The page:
13 THE REFLECTOR (Energy compensation and second order focusing) A discussion of the reflector should begin here in the ion source. You may remember that in our discussion of the ion source, we explained how a normal source can eject ions with different energies. Ions are not usually made at a point, like this but in a space, like this. Lets look again at three ions to represent this group. The one that is created nearest the extraction grid will leave first, but will be moving slower. The middle one will leave later, but will be moving slightly faster. TOF Tutorial by Jordan TOF Products, Inc. All rights reserved. Page 13 of 18

14 The farthest one will leave last, but will be moving even faster. The difference in their velocities is sometimes called velocity distribution. At some point, the faster ions which started late will just catch up with the slower ones. This point (F), is known as the primary focal point It can be seen that if the detector could be located at point F, the resolution would be higher. In fact, the width of the ion packet would be at its narrowest point. Unfortunately, the distance F1 in most instruments is only 100mm or so. This is not enough flight time for peak separation to occur. Therefore, the peaks although narrow, would overlap each other in time. So now for the remaining 90% or so of their flight time, the faster ions will continue to run away from the slower ones. This will cause the width of the ion packets to grow larger. This characteristic of short focal length is the principal limitation to the maximum resolution that can be obtained in a simple linear time of flight instrument. SECOND ORDER FOCUSING Sometimes the focal length can be increased by adding other lens elements, such as the drift region between the double grid A2 shown here. Simply put, these elements have the same effect as increasing the head start of the slower ions. TOF Tutorial by Jordan TOF Products, Inc. All rights reserved. Page 14 of 18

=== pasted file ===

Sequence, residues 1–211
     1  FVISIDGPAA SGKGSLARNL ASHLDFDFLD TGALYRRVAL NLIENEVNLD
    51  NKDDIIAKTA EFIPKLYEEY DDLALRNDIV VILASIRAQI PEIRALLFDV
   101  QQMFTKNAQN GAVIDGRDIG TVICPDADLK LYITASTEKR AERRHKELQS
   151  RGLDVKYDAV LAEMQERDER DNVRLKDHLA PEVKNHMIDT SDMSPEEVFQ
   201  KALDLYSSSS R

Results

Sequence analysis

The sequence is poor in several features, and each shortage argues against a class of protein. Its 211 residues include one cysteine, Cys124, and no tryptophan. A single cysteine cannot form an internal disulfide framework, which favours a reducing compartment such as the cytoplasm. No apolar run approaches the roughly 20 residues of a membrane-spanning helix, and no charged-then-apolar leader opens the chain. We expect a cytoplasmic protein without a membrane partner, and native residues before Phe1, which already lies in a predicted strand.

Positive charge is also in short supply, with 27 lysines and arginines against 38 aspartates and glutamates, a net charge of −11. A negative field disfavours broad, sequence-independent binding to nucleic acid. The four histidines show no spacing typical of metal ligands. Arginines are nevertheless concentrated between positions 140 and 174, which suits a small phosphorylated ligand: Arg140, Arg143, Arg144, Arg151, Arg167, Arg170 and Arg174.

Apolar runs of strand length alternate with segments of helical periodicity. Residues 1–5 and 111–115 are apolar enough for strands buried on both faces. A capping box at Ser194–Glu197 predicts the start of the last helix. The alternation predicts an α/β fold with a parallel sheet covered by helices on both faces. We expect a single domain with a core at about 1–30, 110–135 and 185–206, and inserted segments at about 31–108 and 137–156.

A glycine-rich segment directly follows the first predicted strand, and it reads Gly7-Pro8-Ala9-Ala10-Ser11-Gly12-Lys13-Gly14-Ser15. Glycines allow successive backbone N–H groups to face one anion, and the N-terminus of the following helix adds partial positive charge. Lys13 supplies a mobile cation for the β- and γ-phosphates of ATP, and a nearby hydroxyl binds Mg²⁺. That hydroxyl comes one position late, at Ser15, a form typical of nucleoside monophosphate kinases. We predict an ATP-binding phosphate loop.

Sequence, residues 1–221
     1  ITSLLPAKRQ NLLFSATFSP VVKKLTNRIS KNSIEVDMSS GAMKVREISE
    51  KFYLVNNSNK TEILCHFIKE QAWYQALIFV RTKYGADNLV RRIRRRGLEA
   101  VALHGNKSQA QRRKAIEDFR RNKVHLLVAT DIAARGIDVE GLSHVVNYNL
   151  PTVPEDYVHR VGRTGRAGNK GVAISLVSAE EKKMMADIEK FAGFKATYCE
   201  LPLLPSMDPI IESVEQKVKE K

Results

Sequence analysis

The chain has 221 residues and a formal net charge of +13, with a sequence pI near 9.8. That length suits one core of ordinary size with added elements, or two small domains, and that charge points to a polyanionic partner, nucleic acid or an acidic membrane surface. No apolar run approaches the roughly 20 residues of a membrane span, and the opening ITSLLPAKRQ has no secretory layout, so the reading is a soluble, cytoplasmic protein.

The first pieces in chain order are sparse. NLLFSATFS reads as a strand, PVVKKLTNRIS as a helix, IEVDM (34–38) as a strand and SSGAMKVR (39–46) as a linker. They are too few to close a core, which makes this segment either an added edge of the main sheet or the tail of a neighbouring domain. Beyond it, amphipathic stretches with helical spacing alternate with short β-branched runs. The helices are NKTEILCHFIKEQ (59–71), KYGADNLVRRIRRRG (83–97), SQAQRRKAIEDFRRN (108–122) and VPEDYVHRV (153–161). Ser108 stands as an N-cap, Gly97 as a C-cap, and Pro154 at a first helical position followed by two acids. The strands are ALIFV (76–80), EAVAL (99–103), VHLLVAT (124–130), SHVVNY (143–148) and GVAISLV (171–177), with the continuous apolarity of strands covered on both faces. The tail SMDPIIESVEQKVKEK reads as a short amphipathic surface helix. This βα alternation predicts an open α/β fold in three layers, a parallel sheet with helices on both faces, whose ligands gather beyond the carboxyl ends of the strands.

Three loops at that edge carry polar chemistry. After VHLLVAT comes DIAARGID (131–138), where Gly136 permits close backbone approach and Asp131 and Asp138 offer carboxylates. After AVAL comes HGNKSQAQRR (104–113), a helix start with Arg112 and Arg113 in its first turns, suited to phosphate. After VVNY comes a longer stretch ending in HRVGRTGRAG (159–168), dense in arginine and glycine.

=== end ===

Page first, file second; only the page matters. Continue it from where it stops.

15 This technique of extending the focal length is useful for increasing resolution, even if the focal point cannot be moved far enough for adequate peak separation. The reason for this is that since the distance between fast and slow ions is now converging at a slower rate between the source and point F, it will also diverge at a slower rate between F and the detector. Also notice that the detector is now closer to F, which also helps. Thus, the resolution can be made higher, even if it is not ideal. This second order focusing at the source is limited by the fact that such an instrument must be designed for specific, controlled ionizing conditions. In an instrument such as this, source optics, both mechanical and electrical are matched so that the length of the flight path L is exactly equal to the focal length of the source for specific ionizing conditions. Designing such an instrument for a special purpose can be desirable for commercial applications where ionization conditions are always the same. Doing this can result in a relatively high resolution instrument with a flight path of less than 1/2 meter. As useful as this technique can be, it is not usually adaptable to a general purpose laboratory instrument in which many different ionizing conditions are used in the same instrument. TOF Tutorial by Jordan TOF Products, Inc. All rights reserved. Page 15 of 18